My husband John loves yard sales. I have always been more cautious – they are a lot of work, and I have wondered if they are worth the effort. But our neighborhood yard sale yesterday was a truly remarkable event, and was about so much more than buying and selling stuff.
To be accurate, it is not really a yard sale, since we don’t have yards in our neighborhood. It was more of a sidewalk sale. These sidewalk sales are found wherever there are people trying to make a few extra dollars to survive. Near our apartment, on 6th street, the sidewalks are transformed into a market every weekend – families come for the day with some things to sell, hoping to make enough to pay the rent, or feed their families.
Thus our yard sales are an appropriate place to practice redistribution, sharing the wealth of one neighborhood with another less affluent neighborhood. We also like that they are eco-friendly, and things that might have gone into a land-fill find a new life.
This particular yard sale began with my colleague Dan Shaw, whose precious wife died suddenly in October. He asked if perhaps we could use her clothes. It then turned out that Dan’s neighbor, from La Canada Presbyterian Church, had collected 300 pairs of shoes that needed to find new owners. When John found out we would receive these 300 pairs of shoes, he was ecstatic. Truly. He gets that excited about the possibilities. Seeing him so excited, I decided to join in the fun.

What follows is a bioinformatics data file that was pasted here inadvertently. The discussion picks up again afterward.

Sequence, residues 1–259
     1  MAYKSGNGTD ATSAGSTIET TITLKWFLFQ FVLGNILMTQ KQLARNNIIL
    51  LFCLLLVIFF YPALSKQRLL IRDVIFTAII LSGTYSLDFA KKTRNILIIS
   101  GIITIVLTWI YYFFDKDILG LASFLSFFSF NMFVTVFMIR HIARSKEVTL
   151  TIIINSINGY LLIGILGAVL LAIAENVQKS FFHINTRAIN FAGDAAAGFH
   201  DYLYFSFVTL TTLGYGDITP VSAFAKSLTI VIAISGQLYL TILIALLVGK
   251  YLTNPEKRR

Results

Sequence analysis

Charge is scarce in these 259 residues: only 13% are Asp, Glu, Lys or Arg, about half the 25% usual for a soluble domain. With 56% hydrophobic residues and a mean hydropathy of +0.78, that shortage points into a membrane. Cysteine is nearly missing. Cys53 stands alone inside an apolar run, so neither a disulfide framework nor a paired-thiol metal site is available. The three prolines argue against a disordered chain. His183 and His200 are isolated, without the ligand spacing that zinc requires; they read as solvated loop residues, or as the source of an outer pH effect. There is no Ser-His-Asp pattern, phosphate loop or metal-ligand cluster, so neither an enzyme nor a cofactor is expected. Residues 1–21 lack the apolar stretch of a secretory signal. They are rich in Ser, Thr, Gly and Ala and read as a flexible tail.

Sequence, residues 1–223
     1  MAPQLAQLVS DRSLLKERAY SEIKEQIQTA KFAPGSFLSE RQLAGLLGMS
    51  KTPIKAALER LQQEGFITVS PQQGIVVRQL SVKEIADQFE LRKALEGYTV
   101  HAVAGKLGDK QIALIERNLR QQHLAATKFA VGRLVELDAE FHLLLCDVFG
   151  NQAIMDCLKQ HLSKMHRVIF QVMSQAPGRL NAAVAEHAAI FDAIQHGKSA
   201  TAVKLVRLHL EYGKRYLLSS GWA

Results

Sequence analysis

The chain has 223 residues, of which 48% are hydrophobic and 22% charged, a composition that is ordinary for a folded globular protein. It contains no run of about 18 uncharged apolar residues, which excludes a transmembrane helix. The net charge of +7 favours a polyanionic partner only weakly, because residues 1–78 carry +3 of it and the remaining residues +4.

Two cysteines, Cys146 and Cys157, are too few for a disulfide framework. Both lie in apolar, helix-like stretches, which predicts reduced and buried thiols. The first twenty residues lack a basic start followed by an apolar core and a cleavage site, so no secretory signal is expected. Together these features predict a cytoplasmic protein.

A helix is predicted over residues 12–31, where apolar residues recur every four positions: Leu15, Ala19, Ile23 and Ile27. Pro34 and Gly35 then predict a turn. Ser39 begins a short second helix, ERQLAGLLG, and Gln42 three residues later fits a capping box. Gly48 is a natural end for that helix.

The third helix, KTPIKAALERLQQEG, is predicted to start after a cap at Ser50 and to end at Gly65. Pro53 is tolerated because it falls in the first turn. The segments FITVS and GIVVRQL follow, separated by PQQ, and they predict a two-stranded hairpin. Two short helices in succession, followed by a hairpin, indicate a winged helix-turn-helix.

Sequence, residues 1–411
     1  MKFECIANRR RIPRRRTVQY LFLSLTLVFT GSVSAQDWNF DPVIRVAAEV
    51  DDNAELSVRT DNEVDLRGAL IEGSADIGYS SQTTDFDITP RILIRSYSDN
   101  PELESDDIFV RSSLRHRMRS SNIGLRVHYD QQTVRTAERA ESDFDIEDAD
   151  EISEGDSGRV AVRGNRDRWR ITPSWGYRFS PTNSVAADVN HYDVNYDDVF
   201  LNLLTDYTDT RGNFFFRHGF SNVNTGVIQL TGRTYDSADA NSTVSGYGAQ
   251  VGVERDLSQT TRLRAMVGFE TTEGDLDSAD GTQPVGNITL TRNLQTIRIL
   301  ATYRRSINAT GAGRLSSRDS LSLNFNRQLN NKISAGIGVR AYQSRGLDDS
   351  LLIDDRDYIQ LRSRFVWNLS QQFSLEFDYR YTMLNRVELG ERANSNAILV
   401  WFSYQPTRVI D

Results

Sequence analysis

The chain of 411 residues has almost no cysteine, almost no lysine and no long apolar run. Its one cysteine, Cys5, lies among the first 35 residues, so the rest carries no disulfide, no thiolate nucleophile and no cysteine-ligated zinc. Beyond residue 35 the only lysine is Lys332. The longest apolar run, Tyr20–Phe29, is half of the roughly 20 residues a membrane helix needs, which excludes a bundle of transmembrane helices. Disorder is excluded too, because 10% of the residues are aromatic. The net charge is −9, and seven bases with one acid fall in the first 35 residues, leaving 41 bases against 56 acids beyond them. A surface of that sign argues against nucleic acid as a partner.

At 7:00 am, our team joined in and helped unload the truck of shoes. Within an hour, various people had filled up a bag of clothes and shoes to send to relatives in Mexico, El Salvador and Guatemala (redistribution across borders, even better!).
My favorite part was the box of barely used children’s books – we love to see books go into the homes of the local children, and these were really nice books, of the kind that people here cannot afford to buy. We kept some of the books for our community room, to be used for our activities there or for kids to borrow.
Throughout the day, neighbors hung out together in the area of the yard sale. Two girls were able to connect with Miriam, who works at a tutoring center at a local church, and were able to go with her in the evening to a fun Christmas event on a boat in Long Beach. Other kids were able to buy shoes they really liked for $2.00.
Why do we sell the shoes instead of giving them away? Our neighbors are not homeless. They are the working poor. They have some resources, just not enough. To give the shoes away would be to turn our friends and neighbors into “charity cases.” Buying the shoes gives them choice over what to buy, and retains their dignity. It is a reciprocal exchange, they benefit, and so do those selling.
At the end, there were still plenty of shoes, and clothes. Some went to another yard sale, to support a youth ministry of a local church. Thirty pair went to the St. Francis Center, where our colleague Kathy works with the homeless as a Physician’s Assistant on Mondays. Two bags were given to a neighbor going to Mexico at Christmas. Beyond the sale itself, we wish we could convey the substance of the relationships that were nurtured and the tangible sense of love and community that has grown in our neighborhood through these kinds of events.
Thank you for your continued prayers and support.
John and Jude Tiersma Watson